As the early-September writeup mentioned my previous piece suggests, camera-inclusive smartphones are (by virtue of both their prevalence and their performance capabilities) an increasingly popular focus for embedded vision developers. Judging from a recent review in Wired Magazine of the new HTC MyTouch Slide 4G, the platform's imaging capabilities show no sign of plateauing. And were I a standalone still or video camera manufacturer, I'd be a little worried about my long-term business outlook. Check out these specifications:
- 8 Mpixel rear-mount, back-illuminated image sensor
- Dual LED flash illumination
- f2.2 maximum aperture
- Dual-core 1.2 GHz Qualcomm Snapdragon CPU
- Auto, SweepShot (panorama), ClearShot HDR (high dynamic range), BurstShot, Night, Action, Macro, Portrait, and Manual control modes
- 1080p video capture
But one of the system's most impressive features, at least to me, is only briefly hinted at in the Wired review within the phrase "Quick on the draw with barely perceptible shutter lag". Fortunately, TechCrunch's coverage elaborates by quoting directly from T-Mobile's press release:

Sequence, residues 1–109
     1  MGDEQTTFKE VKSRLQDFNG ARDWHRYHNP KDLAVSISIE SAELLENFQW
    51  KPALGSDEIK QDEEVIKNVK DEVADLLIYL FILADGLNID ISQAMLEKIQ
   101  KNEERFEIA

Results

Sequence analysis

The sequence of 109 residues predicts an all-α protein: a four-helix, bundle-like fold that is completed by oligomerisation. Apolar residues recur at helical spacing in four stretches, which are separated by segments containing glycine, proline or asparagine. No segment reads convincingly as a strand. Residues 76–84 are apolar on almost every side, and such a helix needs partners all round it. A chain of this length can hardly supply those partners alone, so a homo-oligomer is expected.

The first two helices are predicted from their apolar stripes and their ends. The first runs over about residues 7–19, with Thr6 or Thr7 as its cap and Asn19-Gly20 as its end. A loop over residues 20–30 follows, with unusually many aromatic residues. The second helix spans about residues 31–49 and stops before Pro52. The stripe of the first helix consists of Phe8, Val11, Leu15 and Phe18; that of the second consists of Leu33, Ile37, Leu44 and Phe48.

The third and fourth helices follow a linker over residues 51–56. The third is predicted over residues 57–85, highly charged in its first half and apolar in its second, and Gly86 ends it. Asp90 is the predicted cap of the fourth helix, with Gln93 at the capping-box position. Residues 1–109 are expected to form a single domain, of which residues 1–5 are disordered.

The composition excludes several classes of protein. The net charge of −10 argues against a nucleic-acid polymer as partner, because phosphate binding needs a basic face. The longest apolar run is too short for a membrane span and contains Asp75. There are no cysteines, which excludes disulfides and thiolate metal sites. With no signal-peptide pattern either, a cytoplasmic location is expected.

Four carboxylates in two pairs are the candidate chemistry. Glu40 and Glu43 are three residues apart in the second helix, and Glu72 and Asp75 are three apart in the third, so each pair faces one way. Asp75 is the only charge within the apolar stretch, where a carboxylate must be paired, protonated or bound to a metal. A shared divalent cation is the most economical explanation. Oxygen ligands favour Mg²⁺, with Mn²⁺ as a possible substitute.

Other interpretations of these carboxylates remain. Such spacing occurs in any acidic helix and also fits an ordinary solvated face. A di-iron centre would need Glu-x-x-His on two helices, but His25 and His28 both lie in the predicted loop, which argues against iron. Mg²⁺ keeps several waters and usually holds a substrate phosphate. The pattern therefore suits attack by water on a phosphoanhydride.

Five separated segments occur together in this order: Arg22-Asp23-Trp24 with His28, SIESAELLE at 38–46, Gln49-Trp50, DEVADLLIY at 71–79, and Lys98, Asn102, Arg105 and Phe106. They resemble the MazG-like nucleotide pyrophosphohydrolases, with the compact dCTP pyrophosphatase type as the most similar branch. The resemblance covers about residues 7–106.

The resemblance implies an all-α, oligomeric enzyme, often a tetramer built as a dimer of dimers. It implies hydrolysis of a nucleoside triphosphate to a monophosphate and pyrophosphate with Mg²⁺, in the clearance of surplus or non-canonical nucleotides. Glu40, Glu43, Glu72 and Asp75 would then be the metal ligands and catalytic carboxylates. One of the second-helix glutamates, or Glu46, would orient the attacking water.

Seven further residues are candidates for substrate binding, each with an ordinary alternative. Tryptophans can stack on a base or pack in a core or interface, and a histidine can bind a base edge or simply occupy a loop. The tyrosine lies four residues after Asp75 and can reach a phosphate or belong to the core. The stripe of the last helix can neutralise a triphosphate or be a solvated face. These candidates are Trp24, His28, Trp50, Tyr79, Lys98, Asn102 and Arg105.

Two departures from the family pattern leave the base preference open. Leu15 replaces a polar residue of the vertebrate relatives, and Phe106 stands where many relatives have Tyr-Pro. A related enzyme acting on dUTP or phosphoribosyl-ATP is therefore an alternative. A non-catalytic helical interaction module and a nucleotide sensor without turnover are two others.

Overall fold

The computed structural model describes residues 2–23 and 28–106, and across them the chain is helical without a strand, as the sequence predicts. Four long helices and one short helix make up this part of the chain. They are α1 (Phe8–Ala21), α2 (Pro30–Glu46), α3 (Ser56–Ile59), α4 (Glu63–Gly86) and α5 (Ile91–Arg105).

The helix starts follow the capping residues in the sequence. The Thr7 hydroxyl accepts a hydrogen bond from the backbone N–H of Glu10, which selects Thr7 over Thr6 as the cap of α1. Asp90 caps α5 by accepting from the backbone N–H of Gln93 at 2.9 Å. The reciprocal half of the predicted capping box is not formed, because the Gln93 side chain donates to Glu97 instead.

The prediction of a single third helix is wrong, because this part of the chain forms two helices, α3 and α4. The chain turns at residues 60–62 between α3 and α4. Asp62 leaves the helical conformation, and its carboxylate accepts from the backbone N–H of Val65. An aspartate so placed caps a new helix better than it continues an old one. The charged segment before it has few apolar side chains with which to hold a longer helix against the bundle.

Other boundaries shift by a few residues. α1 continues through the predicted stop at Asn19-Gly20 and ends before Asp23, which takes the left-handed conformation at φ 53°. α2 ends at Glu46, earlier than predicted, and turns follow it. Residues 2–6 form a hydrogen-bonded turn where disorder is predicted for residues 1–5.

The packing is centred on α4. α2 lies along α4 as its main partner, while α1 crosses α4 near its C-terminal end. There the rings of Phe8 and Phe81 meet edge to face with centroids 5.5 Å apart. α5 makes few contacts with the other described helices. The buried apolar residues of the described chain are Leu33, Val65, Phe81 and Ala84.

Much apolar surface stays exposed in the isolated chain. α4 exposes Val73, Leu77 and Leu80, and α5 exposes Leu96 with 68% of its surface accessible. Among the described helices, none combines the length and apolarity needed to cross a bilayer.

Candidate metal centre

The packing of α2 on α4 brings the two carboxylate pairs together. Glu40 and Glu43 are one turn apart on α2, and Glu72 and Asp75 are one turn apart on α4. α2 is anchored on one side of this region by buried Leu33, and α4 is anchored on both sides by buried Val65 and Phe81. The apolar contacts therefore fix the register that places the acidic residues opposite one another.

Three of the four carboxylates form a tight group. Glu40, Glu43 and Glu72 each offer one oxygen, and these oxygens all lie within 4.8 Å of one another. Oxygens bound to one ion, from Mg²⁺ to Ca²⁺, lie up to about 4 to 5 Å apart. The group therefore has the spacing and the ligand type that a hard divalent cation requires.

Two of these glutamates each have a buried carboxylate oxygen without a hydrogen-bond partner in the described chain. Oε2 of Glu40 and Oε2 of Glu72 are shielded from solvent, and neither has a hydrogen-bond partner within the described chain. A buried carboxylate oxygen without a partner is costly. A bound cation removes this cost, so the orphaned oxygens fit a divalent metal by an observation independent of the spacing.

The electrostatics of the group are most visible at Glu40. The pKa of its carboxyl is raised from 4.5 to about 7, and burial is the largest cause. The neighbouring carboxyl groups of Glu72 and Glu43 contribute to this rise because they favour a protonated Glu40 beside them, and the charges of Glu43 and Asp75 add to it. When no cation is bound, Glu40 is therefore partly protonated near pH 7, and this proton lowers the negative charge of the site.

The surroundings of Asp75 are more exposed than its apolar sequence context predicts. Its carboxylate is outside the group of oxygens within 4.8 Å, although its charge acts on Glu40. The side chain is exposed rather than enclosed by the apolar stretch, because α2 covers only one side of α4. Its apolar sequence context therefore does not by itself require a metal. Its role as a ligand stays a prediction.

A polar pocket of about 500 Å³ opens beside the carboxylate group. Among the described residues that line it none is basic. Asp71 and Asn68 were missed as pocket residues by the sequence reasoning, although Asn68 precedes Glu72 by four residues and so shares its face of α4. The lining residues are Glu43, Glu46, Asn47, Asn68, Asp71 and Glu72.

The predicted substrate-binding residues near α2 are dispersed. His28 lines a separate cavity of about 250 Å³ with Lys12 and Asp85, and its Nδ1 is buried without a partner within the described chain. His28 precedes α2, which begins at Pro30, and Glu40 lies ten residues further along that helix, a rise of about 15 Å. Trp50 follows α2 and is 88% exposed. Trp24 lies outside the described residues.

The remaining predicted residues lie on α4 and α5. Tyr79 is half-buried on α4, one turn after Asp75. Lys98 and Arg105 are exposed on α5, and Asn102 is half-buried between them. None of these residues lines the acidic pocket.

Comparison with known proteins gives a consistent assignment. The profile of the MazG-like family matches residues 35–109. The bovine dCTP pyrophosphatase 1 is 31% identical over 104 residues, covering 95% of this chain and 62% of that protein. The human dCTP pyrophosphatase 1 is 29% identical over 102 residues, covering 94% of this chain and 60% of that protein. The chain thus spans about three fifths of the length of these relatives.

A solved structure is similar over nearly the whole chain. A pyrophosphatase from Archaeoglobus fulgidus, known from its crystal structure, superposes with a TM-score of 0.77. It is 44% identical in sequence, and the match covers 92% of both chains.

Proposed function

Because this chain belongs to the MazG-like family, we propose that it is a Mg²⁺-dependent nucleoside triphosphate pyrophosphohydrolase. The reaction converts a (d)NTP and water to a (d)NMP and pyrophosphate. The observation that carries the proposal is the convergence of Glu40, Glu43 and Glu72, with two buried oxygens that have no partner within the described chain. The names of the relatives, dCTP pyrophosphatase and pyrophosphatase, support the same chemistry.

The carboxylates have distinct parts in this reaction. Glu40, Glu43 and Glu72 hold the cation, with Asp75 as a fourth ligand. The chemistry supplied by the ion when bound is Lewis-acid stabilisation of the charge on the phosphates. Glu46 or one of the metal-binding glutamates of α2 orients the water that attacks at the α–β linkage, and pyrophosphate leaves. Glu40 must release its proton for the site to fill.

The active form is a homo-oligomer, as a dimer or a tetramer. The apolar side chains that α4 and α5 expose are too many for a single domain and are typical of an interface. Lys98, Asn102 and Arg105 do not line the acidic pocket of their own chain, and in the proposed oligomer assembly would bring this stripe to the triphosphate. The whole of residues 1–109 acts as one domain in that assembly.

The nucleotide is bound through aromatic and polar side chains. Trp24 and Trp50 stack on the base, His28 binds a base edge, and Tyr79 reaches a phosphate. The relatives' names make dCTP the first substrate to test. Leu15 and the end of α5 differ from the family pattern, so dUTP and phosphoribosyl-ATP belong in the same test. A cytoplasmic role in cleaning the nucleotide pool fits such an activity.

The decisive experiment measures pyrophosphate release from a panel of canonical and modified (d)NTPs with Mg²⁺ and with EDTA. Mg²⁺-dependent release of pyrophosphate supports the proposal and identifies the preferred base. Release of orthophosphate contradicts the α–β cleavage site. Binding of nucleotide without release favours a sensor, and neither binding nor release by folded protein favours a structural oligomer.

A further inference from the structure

The myTouch 4G Slide is the only cameraphone on the market with Zero Shutter lag technology. When a customer opens the camera application, the camera begins recording in the background in a memory buffer. When you snap the camera button, rather than waiting for a mechanical shutter, it looks at the timestamp of when you pressed the button and pulls the photo from the cache. Thus, there is no delay between pressing that button and grabbing that perfect shot.
So, developers, what can you do with such capabilities, premiering on this high-end platform but inevitably becoming mainstream in the not-too-distant future?